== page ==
Pennsylvania’s General Fund revenue shows pluses, minuses in collections

Pennsylvania’s General Fund revenue in January was less than expected, but the good news is the state’s fiscal year-to-date General Fund collections are above estimate. 

Acting Revenue Secretary Pat Browne reported Thursday that Pennsylvania in January collected $3.6 billion in General Fund revenue, a total that was $205.6 million below what was anticipated. Browne also reported that the fiscal year-to-date collections totaling $23.3 billion are $297.5 million more than estimated. 

Sales tax receipts were higher than anticipated in both January and in fiscal year-to-date figures. January saw sales tax receipts reach $1.3 billion, $11.6 million over estimate.  Fiscal year-to-date sales tax collections climbed to $8.4 billion, $146.4 million more than expected. 

Revenue for personal income tax (PIT) was below expectations in January and for year-to-date (YTD). PIT for January was $1.3billion, $243.7 million below expectations, while PIT for YTD was $9.2 billion, $216.6 million lower than anticipated. 

Corporation tax revenue for January reached $223.4 million, $13.8 million more than expected, and YTD’s corporation tax total $3 billion also exceeds expectations, $342.4 million above estimate. 

January’s inheritance tax revenue was $125.9 million, $4 million above estimate, while YTD is $851.6 million, which is $12.3 million, below estimate. 

Realty transfer tax revenue was down for both the month and YTD. Its January total of $55.5 million is $17.1 million below estimate, bringing the fiscal-year total to $407.4 million, which is $43.8 million less than anticipated.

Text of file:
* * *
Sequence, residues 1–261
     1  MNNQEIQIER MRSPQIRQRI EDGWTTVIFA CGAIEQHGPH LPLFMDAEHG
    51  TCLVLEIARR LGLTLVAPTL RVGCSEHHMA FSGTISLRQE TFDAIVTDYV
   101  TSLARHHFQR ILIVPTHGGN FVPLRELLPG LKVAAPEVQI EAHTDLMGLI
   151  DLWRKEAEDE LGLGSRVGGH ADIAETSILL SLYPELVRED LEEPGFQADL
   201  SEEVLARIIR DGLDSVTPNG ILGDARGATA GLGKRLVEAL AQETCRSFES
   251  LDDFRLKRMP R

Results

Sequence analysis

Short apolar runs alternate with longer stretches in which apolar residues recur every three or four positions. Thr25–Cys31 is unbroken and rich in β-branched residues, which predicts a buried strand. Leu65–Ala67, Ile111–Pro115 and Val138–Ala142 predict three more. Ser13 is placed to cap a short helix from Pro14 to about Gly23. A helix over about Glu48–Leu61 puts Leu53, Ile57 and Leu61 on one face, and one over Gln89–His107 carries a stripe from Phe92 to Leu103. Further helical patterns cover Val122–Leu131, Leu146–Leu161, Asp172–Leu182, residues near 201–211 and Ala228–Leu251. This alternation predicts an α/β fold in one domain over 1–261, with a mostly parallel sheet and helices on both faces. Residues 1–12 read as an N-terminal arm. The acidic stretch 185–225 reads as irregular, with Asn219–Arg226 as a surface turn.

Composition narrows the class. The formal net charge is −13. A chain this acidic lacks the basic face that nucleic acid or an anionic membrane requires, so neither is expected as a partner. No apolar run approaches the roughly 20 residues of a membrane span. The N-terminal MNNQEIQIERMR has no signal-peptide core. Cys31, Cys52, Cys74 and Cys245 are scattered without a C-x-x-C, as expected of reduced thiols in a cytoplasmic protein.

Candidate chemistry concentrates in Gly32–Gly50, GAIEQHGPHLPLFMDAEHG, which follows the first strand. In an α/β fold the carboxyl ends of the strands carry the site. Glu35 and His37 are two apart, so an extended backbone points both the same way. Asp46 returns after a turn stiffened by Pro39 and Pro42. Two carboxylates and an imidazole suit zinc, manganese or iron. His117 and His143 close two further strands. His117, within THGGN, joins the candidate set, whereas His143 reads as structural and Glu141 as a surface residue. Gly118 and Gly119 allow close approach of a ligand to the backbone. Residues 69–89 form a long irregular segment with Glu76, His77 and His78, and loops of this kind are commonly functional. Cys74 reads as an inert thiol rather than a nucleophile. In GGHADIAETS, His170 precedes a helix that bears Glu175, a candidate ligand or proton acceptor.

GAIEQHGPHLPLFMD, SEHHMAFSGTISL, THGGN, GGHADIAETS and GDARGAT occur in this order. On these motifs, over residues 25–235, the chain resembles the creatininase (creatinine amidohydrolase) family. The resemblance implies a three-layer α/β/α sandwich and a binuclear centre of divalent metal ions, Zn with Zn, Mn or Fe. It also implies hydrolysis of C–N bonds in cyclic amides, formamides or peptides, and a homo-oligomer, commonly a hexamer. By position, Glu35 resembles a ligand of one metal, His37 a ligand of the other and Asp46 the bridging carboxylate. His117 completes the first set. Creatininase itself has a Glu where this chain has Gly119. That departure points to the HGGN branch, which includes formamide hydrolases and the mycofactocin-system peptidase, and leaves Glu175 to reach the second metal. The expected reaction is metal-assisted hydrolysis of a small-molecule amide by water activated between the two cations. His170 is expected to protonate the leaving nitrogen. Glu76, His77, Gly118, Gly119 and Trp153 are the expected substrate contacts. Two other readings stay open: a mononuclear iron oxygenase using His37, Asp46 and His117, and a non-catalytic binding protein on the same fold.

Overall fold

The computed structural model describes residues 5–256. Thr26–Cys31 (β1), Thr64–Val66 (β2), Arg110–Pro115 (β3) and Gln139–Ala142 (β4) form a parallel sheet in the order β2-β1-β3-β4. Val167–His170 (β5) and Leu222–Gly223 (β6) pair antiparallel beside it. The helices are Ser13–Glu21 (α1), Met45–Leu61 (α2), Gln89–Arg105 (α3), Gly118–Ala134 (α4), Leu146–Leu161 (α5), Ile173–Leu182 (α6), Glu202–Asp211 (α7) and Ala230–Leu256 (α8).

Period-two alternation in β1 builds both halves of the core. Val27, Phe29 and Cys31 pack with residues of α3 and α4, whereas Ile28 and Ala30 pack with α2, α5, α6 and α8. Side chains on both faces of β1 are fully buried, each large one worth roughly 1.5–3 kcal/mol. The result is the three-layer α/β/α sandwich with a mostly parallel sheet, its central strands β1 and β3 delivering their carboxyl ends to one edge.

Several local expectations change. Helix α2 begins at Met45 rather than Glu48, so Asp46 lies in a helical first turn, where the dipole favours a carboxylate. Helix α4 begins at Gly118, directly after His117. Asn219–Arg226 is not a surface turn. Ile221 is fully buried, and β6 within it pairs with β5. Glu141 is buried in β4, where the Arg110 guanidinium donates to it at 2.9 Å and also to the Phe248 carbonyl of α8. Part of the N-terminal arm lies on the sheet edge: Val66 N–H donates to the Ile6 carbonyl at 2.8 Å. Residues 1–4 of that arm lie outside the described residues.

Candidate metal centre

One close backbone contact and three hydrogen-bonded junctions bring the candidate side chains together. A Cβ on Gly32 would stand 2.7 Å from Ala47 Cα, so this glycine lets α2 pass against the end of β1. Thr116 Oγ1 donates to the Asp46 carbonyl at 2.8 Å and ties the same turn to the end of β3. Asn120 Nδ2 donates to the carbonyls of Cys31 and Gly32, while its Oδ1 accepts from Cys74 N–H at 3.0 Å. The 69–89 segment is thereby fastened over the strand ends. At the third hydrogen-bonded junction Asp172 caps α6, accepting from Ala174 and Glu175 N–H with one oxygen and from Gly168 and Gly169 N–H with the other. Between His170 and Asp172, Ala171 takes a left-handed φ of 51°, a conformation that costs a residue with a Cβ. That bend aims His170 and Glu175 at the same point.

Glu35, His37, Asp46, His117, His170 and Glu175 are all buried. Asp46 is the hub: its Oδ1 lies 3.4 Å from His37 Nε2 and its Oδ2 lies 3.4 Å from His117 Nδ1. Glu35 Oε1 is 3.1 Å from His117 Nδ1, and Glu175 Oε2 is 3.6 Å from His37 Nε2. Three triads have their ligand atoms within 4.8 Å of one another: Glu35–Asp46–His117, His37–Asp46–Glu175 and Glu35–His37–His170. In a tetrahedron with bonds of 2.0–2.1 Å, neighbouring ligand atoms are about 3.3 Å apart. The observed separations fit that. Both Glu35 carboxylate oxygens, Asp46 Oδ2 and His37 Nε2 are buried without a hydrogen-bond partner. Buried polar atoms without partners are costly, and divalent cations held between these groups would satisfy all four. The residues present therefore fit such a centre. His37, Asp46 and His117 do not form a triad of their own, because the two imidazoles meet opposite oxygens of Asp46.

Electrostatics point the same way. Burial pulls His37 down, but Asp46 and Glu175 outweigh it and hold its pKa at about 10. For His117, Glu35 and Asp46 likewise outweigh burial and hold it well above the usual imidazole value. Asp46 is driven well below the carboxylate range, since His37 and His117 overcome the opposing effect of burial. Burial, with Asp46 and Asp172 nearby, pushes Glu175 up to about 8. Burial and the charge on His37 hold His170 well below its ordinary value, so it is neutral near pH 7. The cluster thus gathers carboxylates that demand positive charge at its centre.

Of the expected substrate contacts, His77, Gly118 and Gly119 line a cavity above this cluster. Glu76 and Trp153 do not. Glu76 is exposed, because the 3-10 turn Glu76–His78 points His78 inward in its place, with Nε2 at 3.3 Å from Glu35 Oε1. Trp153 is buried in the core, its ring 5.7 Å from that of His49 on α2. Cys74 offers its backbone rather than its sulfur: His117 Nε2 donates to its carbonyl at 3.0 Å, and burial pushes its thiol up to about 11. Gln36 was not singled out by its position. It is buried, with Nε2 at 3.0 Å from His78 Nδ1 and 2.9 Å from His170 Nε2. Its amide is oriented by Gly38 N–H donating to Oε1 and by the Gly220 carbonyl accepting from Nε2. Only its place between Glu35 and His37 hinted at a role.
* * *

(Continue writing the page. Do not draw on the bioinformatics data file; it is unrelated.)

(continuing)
Additional General Fund tax revenue, which includes cigarette, malt beverage, liquor, and gaming taxes, totaled $129.0 million for January, $0.2 million above estimate. The YTD total is $1.1 billion, which is $32.3 million, below expectations. 

January’s non-tax revenue totaled $37.9 million, $25.7 million above estimate, and it brings the YTD total to $384.6 million, which is $113.7 million above estimate. 

Along with General Fund collections, the Motor License Fund received $222.2 million for the month, which stands $2.1 million below estimate. Fiscal YTD collections for the fund – which include gas and diesel taxes, as well as other license, fine and fee revenues – total $1.6 billion, which is $22.8 million more than expected.

Pa. Senate passes bill to stop gas tax increase

Addressing transportation costs facing Pennsylvania drivers, the Senate of Pennsylvania passed legislation Wednesday aimed at stopping the automatic gas tax increase. 

Senate Bill 35 is sponsored by Wayne Langerholc Jr. (R-Cambria, Centre, and Clearfield counties), chairman of the Senate Transportation Committee. 

Langerholc said in a statement his legislation is a response to “insurmountable” transportation costs. 

My measure immediately cuts the gas tax to temper inflation-induced gas prices,” said Langerholc, “and the costly ramifications to home heating and goods delivered to grocery stores and residences.” 

The automatic gas tax increase is implemented by Act 89 of 2013. Langerholc’s bill halts the automatic gas tax increase for 2023 and permanently sets the Average Wholesale Price (AWP) at $2.99 per gallon to end future tax hikes on working families. The Department of Revenue, under law established in 2013, is required to annually assess the AWP on all taxable liquid fuels (i.e., gasoline), fuels (i.e., diesel fuel) and alternative fuels (i.e., electric). 

Sen. Scott Martin (R-Berks and Lancaster) said that as Pennsylvania has significant infrastructure needs that need to be addressed, increasing the gas tax “only adds another serious financial burden on family budgets throughout the state.” 

The AWP exceeded $2.99 per gallon for the first time in 2022. This led to an automatic increase in Pennsylvania’s gas tax of 3.5 cents per gallon and an increase in the tax on diesel fuel of 4.4 cents per gallon. Also increased were the alternative fuels tax rates. 

Langerholc said his legislation will cut the gas tax before Pennsylvania families pay the second highest gas tax in the nation. 

“At a time when our constituents are faced with rising costs at the pump, grocery store and utility bills,” said Langerholc, “no elected official should be voting against this legislation.” 

Senate Bill 35 heads to the House of Representatives for consideration.